Immune Exhaustion is a term referring to specific changes to immune cells known as CD8 T-killer cells that reduce their function at clearing cancer cells or virally infected cells from the body. Exhausted CD8+ T (Tex) cells in chronic infections and cancer exhibit high numbers of inhibitory receptors and have transcriptional changes compared with normal effector (Teff) or memory (Tmem) CD8+ T cells.
Following initial activation by foreign peptides bound to MHC cell receptor molecules, immature T cells replicate and reprogram to become effector T cells (TEFF), which produce inflammatory chemicals called cytokines that kill either cancer and/or virally infected cells. If an infection or tumor is cleared, the TEFF population dies, except for a small number of long-lived, smemory T cells (TMEM) capable of remounting a rapid response to the cancer or the particular virus.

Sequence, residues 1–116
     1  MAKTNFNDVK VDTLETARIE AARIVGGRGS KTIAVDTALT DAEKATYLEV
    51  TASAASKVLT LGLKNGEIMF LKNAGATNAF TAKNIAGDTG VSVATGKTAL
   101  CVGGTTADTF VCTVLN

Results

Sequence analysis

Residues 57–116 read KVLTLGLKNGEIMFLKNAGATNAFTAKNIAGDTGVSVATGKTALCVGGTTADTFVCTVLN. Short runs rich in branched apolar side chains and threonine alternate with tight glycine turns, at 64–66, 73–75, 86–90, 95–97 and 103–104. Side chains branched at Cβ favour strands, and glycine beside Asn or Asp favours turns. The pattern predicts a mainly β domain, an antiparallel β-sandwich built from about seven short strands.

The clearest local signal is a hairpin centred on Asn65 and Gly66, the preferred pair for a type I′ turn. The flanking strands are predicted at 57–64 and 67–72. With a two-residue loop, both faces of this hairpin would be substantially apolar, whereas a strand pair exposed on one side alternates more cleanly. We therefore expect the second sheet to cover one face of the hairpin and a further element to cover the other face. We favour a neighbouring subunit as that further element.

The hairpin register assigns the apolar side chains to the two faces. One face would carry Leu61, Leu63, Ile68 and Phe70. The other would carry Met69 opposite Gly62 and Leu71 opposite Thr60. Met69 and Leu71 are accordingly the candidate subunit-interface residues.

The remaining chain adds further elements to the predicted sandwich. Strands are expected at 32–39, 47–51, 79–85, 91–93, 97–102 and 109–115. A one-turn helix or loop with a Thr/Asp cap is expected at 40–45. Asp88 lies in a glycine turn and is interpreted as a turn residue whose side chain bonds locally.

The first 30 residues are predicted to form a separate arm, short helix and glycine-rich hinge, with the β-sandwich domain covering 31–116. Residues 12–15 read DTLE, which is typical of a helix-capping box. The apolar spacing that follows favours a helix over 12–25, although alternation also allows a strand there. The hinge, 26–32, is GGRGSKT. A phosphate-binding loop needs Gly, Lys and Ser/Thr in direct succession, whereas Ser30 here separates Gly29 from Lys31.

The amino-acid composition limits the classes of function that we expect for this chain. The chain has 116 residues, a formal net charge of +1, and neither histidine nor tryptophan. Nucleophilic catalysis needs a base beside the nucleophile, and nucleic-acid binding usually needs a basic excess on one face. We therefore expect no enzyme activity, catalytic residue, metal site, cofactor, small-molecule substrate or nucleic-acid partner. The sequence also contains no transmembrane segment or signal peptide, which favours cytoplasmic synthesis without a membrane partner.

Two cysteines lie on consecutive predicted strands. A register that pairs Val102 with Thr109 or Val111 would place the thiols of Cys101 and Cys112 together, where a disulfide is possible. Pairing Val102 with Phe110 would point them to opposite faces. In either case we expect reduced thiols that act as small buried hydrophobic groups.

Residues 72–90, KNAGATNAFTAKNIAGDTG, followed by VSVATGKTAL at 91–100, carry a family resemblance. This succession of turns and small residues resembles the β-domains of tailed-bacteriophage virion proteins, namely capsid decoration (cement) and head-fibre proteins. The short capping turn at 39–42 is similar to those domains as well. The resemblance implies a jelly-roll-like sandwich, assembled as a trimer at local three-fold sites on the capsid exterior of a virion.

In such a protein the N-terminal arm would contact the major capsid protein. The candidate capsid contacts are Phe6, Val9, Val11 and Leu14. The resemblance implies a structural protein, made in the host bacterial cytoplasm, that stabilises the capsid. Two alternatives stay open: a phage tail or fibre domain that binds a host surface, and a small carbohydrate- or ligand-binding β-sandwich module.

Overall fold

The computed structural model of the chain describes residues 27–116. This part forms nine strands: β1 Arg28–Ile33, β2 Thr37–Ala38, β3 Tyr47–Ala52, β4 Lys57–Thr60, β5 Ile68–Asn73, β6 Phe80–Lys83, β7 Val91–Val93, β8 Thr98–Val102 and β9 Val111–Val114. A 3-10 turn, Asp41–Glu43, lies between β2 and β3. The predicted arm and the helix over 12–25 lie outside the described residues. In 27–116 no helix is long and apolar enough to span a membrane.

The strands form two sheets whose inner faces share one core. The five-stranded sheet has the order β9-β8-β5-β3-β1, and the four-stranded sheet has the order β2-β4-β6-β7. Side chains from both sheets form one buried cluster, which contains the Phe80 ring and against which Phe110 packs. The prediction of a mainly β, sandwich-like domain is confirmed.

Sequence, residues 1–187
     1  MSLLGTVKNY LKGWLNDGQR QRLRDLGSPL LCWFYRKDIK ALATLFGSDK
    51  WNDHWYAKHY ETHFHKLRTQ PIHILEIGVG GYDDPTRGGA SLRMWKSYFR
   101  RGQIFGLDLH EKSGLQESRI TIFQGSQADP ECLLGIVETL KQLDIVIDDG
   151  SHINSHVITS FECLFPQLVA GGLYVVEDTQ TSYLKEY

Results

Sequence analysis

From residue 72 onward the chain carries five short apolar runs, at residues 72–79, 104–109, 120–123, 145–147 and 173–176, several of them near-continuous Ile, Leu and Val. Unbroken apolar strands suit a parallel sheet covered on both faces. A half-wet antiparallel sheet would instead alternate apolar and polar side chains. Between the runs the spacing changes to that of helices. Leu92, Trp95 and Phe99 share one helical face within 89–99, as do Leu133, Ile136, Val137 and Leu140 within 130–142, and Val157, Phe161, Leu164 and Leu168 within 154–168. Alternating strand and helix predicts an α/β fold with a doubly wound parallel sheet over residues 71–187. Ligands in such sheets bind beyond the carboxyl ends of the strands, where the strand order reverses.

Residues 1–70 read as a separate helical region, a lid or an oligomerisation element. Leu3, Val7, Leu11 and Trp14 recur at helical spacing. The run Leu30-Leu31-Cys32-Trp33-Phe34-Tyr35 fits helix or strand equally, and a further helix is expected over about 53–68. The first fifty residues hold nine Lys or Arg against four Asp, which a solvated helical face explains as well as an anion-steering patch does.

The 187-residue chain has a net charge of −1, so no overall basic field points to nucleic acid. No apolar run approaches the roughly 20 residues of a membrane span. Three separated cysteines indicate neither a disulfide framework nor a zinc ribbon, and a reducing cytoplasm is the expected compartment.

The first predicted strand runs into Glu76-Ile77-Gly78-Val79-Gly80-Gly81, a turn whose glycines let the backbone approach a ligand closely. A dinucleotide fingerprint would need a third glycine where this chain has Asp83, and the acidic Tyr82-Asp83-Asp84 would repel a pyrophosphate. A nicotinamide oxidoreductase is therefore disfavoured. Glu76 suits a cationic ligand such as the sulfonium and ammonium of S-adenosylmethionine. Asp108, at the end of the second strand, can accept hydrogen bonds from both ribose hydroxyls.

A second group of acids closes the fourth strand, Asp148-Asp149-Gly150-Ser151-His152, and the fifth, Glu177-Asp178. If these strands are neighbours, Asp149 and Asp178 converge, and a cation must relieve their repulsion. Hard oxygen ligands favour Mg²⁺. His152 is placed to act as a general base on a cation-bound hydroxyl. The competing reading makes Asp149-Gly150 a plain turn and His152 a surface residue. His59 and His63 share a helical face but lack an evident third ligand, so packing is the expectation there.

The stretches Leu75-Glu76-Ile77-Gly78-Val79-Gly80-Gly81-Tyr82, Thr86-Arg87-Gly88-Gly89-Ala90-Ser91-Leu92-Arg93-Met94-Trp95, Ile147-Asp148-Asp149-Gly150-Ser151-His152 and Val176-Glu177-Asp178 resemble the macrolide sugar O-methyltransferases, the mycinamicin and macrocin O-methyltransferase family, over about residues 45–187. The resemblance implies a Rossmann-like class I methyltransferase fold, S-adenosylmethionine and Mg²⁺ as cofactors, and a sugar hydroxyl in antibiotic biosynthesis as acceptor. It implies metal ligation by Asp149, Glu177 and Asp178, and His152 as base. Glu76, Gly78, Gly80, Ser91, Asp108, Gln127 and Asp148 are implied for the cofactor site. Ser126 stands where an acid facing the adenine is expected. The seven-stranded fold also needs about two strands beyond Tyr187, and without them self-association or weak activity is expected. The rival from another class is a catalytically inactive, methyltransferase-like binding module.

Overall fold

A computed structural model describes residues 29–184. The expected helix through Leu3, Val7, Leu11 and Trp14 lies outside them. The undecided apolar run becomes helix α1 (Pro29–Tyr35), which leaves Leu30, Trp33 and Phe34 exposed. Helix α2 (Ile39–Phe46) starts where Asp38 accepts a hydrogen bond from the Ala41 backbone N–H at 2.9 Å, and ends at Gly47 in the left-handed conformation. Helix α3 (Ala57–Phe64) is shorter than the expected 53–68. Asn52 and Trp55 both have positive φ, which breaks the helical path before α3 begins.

However, if the TEFF cells had been incompetent at totally removing the cancer or infected cells over a short period, due to immune senescence, scarring or acclimatisation, they are said to become ‘exhausted’ and are then referred to as TEX cells. At the best they can keep these cells in check until a time comes when the virus or tumour mass of cancer cells overwhelms the TEX cells and threaten the survival of the body.
This process can occur with superantigen viruses, such as the Epstein Barr virus, that directly cause the formation of cancer cells and have the ability to erode the competency of TEFF cells
An protein called TOX, which can vary in amount in different immune cell types, is the epigenetic driver that changes TEFF cells into TEX cells. The longer TOX is expressed in a T cell the more permanent the TEX identity becomes. TOX must be eliminated and the epigenetic changes reversed to stop death.